Williams Fort, Whydah (Ouidah), Dahomey, 1727

Description

Title, The South West Prospect of Williams Fort at Whydah 1727. Called Fida by the Dutch, Juda by the French, and Whidah by the English. The caption praises the climate and location, notes the population density, and how the natives . . . are accounted the best husband men [farmers] and worst warriors in Guinea . . . . Here they worship a large beautiful kind of snake . . .kept in a little house built for that use in some grove, where they nightly go to worship with drums, and trumpets of elephants teeth . . . . Their chief trade is in slaves. Smith was hired by the Royal African Company in 1726. See also images mariners on this website.

Source

William Smith, Thirty Different Drafts of Guinea (London, 1727), plate 28.

Creator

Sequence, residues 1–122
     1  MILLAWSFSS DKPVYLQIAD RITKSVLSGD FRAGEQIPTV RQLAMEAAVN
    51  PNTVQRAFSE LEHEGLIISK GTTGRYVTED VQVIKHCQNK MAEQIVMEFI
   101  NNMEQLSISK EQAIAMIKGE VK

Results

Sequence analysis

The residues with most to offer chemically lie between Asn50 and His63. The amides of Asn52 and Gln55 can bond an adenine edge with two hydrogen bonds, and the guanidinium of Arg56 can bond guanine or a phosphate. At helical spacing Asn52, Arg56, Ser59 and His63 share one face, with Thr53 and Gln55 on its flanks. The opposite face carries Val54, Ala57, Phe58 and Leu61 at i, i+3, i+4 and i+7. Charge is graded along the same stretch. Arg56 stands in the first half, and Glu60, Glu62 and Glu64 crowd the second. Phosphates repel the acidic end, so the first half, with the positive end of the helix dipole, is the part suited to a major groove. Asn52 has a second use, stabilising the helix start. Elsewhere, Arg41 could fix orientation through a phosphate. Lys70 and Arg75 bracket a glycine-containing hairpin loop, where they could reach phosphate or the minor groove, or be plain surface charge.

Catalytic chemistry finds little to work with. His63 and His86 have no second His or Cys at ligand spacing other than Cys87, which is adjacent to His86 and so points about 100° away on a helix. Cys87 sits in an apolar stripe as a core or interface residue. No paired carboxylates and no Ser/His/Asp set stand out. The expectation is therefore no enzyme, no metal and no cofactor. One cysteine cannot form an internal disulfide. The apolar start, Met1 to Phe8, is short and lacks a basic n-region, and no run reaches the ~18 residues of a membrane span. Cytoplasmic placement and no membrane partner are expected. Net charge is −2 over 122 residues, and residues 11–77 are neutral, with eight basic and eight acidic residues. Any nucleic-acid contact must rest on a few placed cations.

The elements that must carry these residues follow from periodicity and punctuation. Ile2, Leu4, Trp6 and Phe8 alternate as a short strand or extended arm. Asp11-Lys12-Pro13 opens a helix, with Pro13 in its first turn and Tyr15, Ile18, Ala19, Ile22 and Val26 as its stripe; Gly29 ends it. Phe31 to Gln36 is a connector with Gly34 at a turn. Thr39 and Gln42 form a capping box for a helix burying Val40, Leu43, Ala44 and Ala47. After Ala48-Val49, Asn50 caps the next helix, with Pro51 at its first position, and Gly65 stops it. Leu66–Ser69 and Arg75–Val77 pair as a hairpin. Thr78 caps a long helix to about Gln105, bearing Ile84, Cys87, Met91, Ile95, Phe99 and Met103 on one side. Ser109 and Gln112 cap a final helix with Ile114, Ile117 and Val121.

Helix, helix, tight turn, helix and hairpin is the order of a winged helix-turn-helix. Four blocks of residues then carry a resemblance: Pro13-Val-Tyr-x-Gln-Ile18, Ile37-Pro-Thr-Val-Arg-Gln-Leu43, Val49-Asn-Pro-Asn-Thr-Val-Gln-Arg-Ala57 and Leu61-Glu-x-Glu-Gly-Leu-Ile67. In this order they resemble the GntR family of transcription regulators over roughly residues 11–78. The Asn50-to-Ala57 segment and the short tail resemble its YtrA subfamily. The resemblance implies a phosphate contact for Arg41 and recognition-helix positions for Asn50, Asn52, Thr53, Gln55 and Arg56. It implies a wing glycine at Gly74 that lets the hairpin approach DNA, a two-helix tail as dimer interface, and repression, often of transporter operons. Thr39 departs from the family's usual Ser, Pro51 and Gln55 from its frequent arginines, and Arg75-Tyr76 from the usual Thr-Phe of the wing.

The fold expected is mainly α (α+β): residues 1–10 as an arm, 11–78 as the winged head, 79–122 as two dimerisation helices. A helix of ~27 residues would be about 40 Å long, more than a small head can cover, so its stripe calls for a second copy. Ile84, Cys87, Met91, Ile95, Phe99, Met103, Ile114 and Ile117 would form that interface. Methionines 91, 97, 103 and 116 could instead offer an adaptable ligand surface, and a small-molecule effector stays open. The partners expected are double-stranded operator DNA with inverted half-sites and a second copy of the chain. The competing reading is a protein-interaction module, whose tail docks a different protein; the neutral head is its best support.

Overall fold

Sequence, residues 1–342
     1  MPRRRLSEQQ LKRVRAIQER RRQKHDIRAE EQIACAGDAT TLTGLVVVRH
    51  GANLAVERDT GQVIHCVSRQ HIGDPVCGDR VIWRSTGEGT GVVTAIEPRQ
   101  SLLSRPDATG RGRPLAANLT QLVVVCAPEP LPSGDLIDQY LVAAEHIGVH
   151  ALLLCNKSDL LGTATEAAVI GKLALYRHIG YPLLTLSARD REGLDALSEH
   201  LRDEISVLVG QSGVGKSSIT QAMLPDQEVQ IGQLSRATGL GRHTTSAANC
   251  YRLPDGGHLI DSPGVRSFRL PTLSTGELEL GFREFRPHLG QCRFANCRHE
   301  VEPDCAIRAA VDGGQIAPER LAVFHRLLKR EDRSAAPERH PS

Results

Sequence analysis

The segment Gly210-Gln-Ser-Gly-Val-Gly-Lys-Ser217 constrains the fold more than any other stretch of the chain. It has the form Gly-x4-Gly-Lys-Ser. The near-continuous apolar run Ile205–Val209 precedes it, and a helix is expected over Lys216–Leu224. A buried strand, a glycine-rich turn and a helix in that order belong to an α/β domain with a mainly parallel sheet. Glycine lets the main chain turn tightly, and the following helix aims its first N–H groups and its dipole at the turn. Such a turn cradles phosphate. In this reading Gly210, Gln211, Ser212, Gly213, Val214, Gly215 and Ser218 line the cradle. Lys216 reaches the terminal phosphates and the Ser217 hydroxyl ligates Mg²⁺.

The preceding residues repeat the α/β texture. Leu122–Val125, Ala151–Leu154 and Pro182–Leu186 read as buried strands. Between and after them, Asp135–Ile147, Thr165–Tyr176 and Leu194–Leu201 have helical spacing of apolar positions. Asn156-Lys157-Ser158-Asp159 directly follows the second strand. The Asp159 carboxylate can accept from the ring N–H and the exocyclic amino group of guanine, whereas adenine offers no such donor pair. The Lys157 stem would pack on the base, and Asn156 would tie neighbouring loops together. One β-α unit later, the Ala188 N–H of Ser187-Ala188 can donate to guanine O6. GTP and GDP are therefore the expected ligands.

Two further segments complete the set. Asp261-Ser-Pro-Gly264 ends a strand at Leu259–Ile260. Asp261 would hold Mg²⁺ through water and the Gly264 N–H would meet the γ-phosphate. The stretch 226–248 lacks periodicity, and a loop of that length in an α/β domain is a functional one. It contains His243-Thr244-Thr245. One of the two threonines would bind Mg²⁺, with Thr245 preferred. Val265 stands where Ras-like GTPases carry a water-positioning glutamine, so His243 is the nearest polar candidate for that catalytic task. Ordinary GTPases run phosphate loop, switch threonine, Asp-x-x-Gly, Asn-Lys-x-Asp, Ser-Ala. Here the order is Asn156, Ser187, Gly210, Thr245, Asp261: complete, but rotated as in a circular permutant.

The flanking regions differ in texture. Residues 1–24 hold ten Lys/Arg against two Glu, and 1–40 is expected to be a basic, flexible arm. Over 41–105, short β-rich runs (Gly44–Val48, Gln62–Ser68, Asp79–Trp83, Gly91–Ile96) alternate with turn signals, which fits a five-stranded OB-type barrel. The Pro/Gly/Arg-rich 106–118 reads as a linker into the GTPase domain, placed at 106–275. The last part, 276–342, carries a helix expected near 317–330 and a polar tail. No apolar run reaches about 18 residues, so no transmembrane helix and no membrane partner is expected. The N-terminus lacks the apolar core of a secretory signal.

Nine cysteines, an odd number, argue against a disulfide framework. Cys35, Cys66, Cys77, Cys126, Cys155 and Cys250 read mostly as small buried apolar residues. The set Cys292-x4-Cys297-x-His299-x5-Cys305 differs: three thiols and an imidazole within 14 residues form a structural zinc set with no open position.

Smith, William

Language

English

Rights

Image is in the public domain. Metadata is available under Creative Commons Attribution-NonCommercial 4.0 International.

Identifier

mariners25

Spatial Coverage

Africa--Western Bight--Ouidah

Citation

"Williams Fort, Whydah (Ouidah), Dahomey, 1727", Slavery Images: A Visual Record of the African Slave Trade and Slave Life in the Early African Diaspora, accessed April 12, 2021, http://slaveryimages.org/s/slaveryimages/item/559
Title, The South West Prospect of Williams Fort at Whydah 1727. Called Fida by the Dutch, Juda by the French, and Whidah by the English. The caption praises the climate and location, notes the population density, and how the natives . . . are accounted the best husband men [farmers] and worst warriors in Guinea . . . . Here they worship a large beautiful kind of snake . . .kept in a little house built for that use in some grove, where they nightly go to worship with drums, and trumpets of elephants teeth . . . . Their chief trade is in slaves. Smith was hired by the Royal African Company in 1726. See also images mariners on this website.
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